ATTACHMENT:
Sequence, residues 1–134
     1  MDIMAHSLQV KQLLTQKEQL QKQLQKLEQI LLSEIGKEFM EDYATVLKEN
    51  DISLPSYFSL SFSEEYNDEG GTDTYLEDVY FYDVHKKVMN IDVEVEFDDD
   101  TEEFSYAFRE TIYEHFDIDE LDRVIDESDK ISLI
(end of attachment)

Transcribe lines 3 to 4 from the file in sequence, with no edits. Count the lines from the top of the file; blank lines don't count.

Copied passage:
    51  DISLPSYFSL SFSEEYNDEG GTDTYLEDVY FYDVHKKVMN IDVEVEFDDD
   101  TEEFSYAFRE TIYEHFDIDE LDRVIDESDK ISLI